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Getting the dose right

From the IAEA Division of Human Health, Dosimetry and Medical Radiation Physics Section

The IAEA/WHO dosimetry audit service

For cancer patients at a hospital in Costa Rica in 1996, radiotherapy was a source of hope that their tumours might be eradicated. When they were treated with an incorrectly calibrated machine, they received higher doses of radiation that damaged their health instead of treating their cancer. A total of 115 patients were overdosed, killing 42 within a year and leaving the rest with lasting injuries.

Radiation beams produced by radiotherapy machines need to be calibrated, since the quality and effectiveness of the medical radiation therapy rely on their accuracy. Precise measurement of the dose (or 'dosimetry') is crucial for this calibration.

Thermoluminescent dosimeters (TLDs) and documents provided to participating centres in the IAEA/WHO TLD postal dose audit programme. (Photo from IAEA TLD irradiation video tutorial E. Izewski, IAEA)

The IAEA Dosimetry Laboratory offers a dose audit programme that can help participating Member States to regularly check their radiotherapy facilities, providing feedback on their quality procedures and alerting the centre in case of a problem, before large numbers of patients suffer the consequences of undiscovered errors.

The IAEA's dose audit programme, run jointly with the World Health Organization (WHO) since 1969, is free of charge. Small dose measuring devices called thermoluminescent dosimeters (TLDs) are sent to the requesting centre and a predefined radiation dose is delivered to them as it would be for a patient.

The TLD is then mailed back to the IAEA Dosimetry Laboratory, where it is used to compare the radiation dose the hospital intended to give with the dose it actually gave.

To prevent errors in dosimetry from causing radiation injuries, the Dosimetry Laboratory performs a follow-up procedure if the TLD identifies errors. When a TLD audit detects discrepancies, the centre is alerted accordingly, and asked to repeat the test. If the second TLD audit does not show good results, the follow-up programme ensures the hospital knows how to fix the problem and can do so effectively. Targeted expert missions and more comprehensive medical physics reviews can also be provided upon request to address cases of non-compliance that might be revealed by a TLD audit process.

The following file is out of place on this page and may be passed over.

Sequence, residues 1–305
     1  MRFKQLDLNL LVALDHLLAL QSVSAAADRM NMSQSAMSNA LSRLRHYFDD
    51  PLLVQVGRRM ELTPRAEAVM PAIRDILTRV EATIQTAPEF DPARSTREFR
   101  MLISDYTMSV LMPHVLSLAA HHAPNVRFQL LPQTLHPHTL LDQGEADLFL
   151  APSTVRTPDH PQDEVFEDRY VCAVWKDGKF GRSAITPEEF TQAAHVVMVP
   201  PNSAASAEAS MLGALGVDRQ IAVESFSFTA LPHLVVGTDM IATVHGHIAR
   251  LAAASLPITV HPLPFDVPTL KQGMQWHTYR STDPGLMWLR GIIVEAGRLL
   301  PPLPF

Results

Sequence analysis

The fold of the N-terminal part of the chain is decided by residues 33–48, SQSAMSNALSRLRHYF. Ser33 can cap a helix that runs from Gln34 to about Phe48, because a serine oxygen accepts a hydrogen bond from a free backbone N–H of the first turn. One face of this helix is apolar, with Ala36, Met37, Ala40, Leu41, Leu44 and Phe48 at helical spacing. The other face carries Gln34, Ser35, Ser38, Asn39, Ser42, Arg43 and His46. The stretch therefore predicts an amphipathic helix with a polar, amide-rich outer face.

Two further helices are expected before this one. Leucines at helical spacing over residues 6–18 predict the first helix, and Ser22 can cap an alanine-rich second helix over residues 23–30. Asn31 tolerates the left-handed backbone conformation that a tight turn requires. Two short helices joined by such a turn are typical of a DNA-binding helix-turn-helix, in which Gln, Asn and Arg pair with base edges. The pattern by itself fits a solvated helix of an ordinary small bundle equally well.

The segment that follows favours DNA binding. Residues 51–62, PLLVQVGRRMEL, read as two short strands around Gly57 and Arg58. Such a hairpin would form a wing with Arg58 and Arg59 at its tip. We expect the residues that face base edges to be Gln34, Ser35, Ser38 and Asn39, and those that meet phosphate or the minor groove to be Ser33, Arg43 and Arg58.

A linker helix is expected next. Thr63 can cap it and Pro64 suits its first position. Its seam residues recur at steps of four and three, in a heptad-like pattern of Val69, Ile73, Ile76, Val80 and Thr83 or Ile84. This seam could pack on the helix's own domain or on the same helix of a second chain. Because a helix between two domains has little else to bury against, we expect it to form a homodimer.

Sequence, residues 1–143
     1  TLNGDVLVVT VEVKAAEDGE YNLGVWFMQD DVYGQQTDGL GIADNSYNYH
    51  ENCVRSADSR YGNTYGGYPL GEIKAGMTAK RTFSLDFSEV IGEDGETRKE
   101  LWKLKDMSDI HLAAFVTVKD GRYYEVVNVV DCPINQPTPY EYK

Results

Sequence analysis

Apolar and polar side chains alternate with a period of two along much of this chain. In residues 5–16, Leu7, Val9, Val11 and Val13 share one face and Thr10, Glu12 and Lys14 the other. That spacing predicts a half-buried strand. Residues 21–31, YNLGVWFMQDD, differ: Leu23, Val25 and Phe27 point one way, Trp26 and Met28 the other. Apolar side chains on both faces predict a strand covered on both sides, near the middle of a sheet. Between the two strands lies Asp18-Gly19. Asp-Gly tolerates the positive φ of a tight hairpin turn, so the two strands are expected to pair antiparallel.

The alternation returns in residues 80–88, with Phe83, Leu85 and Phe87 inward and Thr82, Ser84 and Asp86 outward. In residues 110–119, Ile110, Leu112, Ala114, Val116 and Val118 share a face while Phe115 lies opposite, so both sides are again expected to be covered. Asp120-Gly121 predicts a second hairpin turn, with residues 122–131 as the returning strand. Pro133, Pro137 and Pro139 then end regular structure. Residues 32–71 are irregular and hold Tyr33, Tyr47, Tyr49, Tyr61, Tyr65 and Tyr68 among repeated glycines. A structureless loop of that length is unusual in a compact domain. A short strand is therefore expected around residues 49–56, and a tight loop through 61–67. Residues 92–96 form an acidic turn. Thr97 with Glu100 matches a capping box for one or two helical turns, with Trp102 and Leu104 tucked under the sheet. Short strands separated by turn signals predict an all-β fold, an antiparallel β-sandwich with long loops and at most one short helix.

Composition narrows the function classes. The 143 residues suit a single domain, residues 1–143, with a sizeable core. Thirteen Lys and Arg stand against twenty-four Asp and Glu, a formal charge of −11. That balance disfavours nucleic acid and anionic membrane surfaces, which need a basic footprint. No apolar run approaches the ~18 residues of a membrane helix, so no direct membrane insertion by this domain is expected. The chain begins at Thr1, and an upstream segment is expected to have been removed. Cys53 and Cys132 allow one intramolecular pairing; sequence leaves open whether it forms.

Medical physicists performing TLD dose measurement. (Photo from IAEA TLD irradiation video tutorial, E. Izewski, IAEA)

Since it became operational, the IAEA/WHO TLD audit programme has revealed a large number of poorly calibrated radiation sources. The records of TLD audit results have been showing a steady increase in hospitals' abilities to get the dose right. More and more low and middle income countries now possess radiation oncology clinics. Most of the over 12,000 radiotherapy beams checked since the inception of the IAEA/WHO TLD programme have been in these low and middle income countries. Since these countries may not be able to afford establishing and maintaining a national audit system, the IAEA/ WHO TLD audit programme offers them this service. Without TLD audits, the concerned Member States would not be able to guarantee accurate calibration of their radiotherapy facilities.

The IAEA/WHO TLD audit service has contributed to improvements in the quality of radiotherapy dosimetry practices worldwide. In over 2,200 radiation oncology clinics in 132 countries that use the TLD service, both clinicians and patients can trust that the radiation beam calibration is correct, leading to reliable and effective treatment.